When I pick up a book by this author I know I am going to be in for a treat. The Lion is fabulous reading and takes the reader back to 5th Century BC, Ancient Greece. This era is one people are most like aware of given the films such as The 300, I mention this as it is in a similar timeline to the story and his son, Pleistarchus features at the beginning of the story. While Sparta played its part in past battles, it stands apart for a few years. Athens, with other city-states, created the Delian League at Delos, a central island in the Aegean Sea,

The main characters in this story are Cimon and Pericles. They are childhood friends and their fathers had fought in the battles at Marathon against the Persians. The Persians have gone quieter of late, but that does not mean there is no danger. The city-states of Greece come together to form the Delian League, they amass a fleet that patrols the Aegean to keep a look out for potential Persian threats.

Pericles is a young man and isn’t allowed a responsibility as he is deemed too young until he is 30 years old. But, his friendship with Cimon grants him access to meetings. The two form a formidable friendship and when needed they will support each other.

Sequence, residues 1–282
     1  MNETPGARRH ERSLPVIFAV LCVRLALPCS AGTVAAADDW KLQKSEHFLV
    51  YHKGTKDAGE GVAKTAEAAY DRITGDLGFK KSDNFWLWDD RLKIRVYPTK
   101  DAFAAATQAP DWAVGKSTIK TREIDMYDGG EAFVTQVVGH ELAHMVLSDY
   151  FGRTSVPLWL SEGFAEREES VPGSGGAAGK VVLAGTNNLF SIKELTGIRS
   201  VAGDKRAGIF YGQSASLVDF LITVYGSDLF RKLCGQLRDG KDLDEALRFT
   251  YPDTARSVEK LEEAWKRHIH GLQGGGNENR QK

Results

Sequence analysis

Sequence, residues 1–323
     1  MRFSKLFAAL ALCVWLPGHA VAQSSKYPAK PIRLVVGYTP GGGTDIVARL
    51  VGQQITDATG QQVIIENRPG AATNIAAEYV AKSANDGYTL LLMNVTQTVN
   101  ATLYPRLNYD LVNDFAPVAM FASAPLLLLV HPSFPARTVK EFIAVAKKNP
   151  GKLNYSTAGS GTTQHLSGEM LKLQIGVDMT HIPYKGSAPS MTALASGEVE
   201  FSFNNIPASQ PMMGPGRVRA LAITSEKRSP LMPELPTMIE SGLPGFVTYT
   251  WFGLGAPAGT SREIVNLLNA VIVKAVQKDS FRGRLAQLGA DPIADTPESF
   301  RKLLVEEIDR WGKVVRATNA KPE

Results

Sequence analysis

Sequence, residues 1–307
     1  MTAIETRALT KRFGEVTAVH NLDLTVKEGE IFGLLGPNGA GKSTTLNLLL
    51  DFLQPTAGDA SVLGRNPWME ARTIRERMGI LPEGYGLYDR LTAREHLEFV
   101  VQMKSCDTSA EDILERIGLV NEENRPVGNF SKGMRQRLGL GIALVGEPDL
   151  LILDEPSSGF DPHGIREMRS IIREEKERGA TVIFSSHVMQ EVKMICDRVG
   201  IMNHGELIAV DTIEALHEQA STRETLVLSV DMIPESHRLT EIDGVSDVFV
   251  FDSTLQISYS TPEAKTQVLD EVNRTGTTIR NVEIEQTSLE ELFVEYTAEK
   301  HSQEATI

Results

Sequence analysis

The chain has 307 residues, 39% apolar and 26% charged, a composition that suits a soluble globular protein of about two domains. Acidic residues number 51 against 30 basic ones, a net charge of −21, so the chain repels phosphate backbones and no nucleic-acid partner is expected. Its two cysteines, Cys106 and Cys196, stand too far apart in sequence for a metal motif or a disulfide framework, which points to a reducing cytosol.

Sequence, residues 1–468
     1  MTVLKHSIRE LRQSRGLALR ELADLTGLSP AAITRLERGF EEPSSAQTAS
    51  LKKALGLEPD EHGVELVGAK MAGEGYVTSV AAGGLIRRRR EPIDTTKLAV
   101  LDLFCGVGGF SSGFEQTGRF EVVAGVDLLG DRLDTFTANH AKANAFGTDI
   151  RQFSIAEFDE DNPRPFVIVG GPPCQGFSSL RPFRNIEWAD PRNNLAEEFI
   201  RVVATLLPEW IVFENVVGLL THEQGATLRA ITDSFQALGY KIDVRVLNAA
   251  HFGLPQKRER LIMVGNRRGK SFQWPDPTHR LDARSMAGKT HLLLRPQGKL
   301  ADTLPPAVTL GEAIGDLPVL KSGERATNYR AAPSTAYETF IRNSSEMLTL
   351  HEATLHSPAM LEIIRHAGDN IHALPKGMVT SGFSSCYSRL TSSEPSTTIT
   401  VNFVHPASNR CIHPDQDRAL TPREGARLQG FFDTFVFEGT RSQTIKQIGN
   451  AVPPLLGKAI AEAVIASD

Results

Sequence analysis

Pericles takes over his father’s estate after his death. This means he is bound to the land, but his heart still yearns for the sea. He has different responsibilities from Cimon, but when he is needed Pericles will join back with Cimon.

This story is a brilliant one from start to finish. The author manages to create such a wonderful and action-packed story from history. As I read this I had to remind myself I wasn’t watching a film as the imagery the author creates with his words is exceptional. He really does bring history to life in the pages.

The battles of the past are still fresh in the memories of the current, this helps to fuel the need for a fleet and to have people with experience around those in control. There are politics that come into play, but this is not a main part of the story. Ancient Greece without its politics just wouldn’t be right! The author brings the characters to life with decisions, friendships, battles and pretty much from the point of Pericles who will have a larger role in history.

This is more the story of Pericles, his decisions and his thoughts as he makes the transition from a young man into an adult and all the responsibilities that come with it. His family, his personal life and made it a more character-based story. There are plenty of other characters but focusing on just one gave a brilliant insight into one of history’s figures.